Most people and many Christians are lazy in their prayer life. We’re pretty good at the “asking” part, but we’re lousy with the follow-up, the seeking and then the knocking. Note the progression here. Asking should lead to seeking. Asking is easy and actually passive, isn’t it? But seeking is much more active. You have to energize yourself and get busy with follow-up to the asking part. And when it comes to knocking, well, that means you stop, pay attention, and very actively persist until you get the answer you desire. Or, until your needs are met. So, if you only ask when you pray and don’t seek and knock, you’re actually praying in a vacuum. You’re praying into a void.


Let’s put this all into tangible terms. You’re out of work and need a job. You pray that God would give you a job. You ask. So far, so good. But then you don’t actively search for one each day, take the necessary classes to upgrade your skills in this modern economy, or knock on the door or inbox of every possibility you uncover in your search. Then you get a little cross with God because He hasn’t dumped a new job into your lap! You question the validity of prayer. Whereas the real problem is: you’ve prayed in a vacuum. You’ve divorced step one from steps two and three.

Or, how about the lonely single who prays that God would send someone into their life? But then they sit each night staring at the TV and drinking beer. They never seek out others, or put themselves into situations to meet others, and if they happen to fall into such a situation they are afraid of rejection and never take the time and expend the energy needed to develop literally any relationship.

Or, how about the person confined to the hospital? They are sick and want to just get better. They ask God to heal them. Great! But then they don’t follow-up with their doctor, or research their illness on their own, or change lifestyle habits to help make a complete recovery occur. If you leave out the “seeking and the knocking” the asking part just sits their gathering dust!

“Ask, seek, knock.” Those are three imperatives that all fit together into the whole tapestry of proper prayer. And Christ, the eternal Son of God Who cannot lie, Who gave His very life to save yours while hanging on a cross, that Christ attaches a promise to each of those parts—a promise He cannot go back on. Here it is: “For everyone who asks receives; he who seeks finds; and to him who knocks, the door will be opened.”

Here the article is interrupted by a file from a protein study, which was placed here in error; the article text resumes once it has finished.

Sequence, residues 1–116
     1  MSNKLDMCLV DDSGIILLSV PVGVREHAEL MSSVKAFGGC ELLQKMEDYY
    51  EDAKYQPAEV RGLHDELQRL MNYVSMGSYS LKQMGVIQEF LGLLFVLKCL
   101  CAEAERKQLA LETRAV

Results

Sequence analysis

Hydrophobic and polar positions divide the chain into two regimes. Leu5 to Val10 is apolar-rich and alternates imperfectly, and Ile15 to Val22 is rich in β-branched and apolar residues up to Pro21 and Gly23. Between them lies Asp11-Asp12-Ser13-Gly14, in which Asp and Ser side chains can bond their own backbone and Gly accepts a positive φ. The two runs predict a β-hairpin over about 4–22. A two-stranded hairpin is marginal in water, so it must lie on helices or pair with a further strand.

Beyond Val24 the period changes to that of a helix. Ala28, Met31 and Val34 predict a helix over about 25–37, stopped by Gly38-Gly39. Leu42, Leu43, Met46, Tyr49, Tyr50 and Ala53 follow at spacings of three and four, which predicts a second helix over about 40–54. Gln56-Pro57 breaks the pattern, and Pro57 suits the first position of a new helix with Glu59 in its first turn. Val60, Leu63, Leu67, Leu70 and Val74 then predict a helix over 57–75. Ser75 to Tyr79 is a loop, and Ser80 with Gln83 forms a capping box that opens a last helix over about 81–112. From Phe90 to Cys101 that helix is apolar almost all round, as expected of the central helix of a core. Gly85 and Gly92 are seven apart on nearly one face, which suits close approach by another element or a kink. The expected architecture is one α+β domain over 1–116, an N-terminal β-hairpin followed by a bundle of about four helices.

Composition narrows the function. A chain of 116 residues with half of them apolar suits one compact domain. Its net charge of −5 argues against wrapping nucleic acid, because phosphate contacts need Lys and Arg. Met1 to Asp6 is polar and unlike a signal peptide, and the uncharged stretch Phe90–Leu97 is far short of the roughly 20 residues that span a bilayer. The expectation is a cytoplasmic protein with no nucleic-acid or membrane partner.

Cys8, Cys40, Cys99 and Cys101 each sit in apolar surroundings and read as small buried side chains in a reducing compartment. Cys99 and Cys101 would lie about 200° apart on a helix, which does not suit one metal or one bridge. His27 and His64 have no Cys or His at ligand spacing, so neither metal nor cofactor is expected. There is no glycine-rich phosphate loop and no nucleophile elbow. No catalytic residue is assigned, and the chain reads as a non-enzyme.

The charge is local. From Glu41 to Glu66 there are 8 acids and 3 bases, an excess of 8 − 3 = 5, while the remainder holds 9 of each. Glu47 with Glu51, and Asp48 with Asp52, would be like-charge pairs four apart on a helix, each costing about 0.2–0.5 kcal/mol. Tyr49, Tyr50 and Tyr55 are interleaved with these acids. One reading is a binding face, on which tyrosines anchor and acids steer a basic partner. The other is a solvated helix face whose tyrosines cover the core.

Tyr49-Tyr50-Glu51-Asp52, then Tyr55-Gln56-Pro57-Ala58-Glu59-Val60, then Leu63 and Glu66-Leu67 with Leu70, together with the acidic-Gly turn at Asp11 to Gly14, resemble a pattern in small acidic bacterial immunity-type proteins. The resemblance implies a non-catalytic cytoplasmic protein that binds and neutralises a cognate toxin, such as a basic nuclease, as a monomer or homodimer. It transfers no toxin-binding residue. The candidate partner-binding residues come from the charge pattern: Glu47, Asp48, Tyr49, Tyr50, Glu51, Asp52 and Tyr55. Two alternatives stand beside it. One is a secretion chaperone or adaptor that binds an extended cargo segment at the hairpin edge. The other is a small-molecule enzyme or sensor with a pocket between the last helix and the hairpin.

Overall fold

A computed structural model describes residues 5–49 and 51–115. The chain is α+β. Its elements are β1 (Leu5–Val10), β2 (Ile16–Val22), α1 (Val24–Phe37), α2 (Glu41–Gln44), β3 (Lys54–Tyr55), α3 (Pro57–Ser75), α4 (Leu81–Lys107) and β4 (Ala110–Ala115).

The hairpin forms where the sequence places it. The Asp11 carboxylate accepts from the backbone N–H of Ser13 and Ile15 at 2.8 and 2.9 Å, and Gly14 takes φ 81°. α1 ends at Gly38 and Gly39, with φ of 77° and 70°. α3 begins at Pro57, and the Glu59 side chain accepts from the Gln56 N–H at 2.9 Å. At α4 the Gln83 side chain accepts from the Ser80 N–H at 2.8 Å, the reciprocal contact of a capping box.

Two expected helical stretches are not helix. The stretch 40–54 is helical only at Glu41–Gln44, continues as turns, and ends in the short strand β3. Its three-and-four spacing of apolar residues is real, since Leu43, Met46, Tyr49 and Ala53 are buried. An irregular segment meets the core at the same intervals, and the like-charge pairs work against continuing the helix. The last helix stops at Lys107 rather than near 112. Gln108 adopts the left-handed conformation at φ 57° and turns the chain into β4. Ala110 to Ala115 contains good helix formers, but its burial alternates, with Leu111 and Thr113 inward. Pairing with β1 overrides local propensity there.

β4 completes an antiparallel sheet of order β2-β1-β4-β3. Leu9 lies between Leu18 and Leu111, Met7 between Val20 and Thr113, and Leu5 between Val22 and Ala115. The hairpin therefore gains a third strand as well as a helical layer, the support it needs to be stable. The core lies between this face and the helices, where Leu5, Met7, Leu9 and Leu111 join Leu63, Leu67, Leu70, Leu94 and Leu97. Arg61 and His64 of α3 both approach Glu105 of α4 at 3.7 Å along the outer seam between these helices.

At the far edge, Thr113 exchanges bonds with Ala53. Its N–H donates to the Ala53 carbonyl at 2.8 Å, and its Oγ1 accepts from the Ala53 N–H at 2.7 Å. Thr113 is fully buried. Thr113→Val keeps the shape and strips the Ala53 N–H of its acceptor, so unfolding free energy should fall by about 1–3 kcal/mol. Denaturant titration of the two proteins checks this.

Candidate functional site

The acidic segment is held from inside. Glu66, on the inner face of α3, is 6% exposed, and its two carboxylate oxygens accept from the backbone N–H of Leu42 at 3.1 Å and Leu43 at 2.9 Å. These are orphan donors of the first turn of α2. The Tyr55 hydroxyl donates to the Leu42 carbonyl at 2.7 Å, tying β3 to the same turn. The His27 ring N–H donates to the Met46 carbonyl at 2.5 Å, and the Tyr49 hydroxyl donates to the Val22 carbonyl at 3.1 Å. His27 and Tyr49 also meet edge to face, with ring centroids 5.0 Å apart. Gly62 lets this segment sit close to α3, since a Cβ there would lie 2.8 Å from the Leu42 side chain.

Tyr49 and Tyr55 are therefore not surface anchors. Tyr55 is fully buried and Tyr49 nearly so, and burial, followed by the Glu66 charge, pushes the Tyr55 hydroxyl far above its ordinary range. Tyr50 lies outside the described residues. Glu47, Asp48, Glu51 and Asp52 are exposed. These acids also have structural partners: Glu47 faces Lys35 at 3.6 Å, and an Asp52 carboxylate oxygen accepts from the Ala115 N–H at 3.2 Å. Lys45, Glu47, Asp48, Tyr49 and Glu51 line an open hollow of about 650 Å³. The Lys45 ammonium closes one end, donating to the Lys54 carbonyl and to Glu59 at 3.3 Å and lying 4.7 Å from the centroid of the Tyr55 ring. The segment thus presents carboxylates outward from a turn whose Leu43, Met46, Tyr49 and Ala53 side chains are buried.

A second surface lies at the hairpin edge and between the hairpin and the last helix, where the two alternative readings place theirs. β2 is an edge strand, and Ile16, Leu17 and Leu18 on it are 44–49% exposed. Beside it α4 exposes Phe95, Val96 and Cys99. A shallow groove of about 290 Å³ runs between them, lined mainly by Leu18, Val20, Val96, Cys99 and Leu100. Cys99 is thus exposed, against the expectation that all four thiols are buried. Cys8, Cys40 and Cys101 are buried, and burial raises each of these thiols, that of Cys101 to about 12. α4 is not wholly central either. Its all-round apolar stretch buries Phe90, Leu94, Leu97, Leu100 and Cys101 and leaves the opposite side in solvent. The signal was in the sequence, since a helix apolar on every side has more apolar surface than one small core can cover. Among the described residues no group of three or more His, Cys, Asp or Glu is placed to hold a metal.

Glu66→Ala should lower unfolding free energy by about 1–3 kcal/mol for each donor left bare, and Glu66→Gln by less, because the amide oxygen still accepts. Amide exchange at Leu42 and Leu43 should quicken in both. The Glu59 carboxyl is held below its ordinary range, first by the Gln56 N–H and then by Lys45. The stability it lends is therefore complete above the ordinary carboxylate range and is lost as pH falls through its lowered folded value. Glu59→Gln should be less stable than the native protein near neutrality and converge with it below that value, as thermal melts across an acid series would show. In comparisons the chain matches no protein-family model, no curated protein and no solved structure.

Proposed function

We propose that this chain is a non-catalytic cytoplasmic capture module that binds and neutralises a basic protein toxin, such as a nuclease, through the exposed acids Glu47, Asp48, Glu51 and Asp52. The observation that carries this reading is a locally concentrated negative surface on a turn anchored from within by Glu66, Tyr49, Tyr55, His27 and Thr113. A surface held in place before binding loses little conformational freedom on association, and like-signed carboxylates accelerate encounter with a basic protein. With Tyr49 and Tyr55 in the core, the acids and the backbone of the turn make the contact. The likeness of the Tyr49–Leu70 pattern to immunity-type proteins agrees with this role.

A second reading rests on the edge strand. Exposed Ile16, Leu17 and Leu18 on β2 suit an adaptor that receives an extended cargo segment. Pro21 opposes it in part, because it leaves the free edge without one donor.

Then, to further give us boldness and confidence as we do this, Jesus adds this little explanation: “Which of you fathers, if your son asks for a fish, will give him a snake instead? Or if he asks for an egg, will give him a scorpion? If you then, though you are evil, know how to give good gifts to your children, how much more will your Father in heaven give the Holy Spirit to those who ask him?”

By contrasting the ridiculous with the sublime Jesus drives home the point that God wants and rewards patient, persistent, confident and yes, bold prayers in which the longings of the heart are followed up with concrete actions. Jesus was not a passive Savior. He actively worked at saving our souls. Likewise, He doesn’t want us to be passive pray-ers, but active ones who trust in His goodness enough to never just sit back, but instead busy ourselves by employing all the Spirit’s gifts to make things happen! So, put to use Jesus’ pray outline by remembering that those words: “Thy will be done” include: asking, seeking, and knocking. Do your best as His child and then trust in His goodness to fix any mistakes you might make along the way. After all, pleading the mercy of Christ on a daily basis is what ultimately identifies you as a Christian….Amen